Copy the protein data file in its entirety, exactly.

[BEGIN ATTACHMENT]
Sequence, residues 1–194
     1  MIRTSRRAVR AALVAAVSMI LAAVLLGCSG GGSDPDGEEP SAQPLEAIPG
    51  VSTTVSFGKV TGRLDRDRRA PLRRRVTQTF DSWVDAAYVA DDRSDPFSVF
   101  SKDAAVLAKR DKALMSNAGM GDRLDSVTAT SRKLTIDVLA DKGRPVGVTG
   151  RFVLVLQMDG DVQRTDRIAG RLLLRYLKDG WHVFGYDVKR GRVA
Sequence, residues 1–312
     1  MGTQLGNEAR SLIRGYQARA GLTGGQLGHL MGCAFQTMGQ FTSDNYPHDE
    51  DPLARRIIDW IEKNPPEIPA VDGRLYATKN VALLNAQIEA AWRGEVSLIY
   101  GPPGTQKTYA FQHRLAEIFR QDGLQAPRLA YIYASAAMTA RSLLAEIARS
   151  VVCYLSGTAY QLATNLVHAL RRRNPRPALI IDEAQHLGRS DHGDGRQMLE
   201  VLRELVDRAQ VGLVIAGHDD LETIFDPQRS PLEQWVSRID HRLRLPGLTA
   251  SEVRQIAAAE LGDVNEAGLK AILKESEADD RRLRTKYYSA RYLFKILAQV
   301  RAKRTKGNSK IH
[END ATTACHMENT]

Sequence, residues 1–194
     1  MIRTSRRAVR AALVAAVSMI LAAVLLGCSG GGSDPDGEEP SAQPLEAIPG
    51  VSTTVSFGKV TGRLDRDRRA PLRRRVTQTF DSWVDAAYVA DDRSDPFSVF
   101  SKDAAVLAKR DKALMSNAGM GDRLDSVTAT SRKLTIDVLA DKGRPVGVTG
   151  RFVLVLQMDG DVQRTDRIAG RLLLRYLKDG WHVFGYDVKR GRVA
Sequence, residues 1–312
     1  MGTQLGNEAR SLIRGYQARA GLTGGQLGHL MGCAFQTMGQ FTSDNYPHDE
    51  DPLARRIIDW IEKNPPEIPA VDGRLYATKN VALLNAQIEA AWRGEVSLIY
   101  GPPGTQKTYA FQHRLAEIFR QDGLQAPRLA YIYASAAMTA RSLLAEIARS
   151  VVCYLSGTAY QLATNLVHAL RRRNPRPALI IDEAQHLGRS DHGDGRQMLE
   201  VLRELVDRAQ VGLVIAGHDD LETIFDPQRS PLEQWVSRID HRLRLPGLTA
   251  SEVRQIAAAE LGDVNEAGLK AILKESEADD RRLRTKYYSA RYLFKILAQV
   301  RAKRTKGNSK IH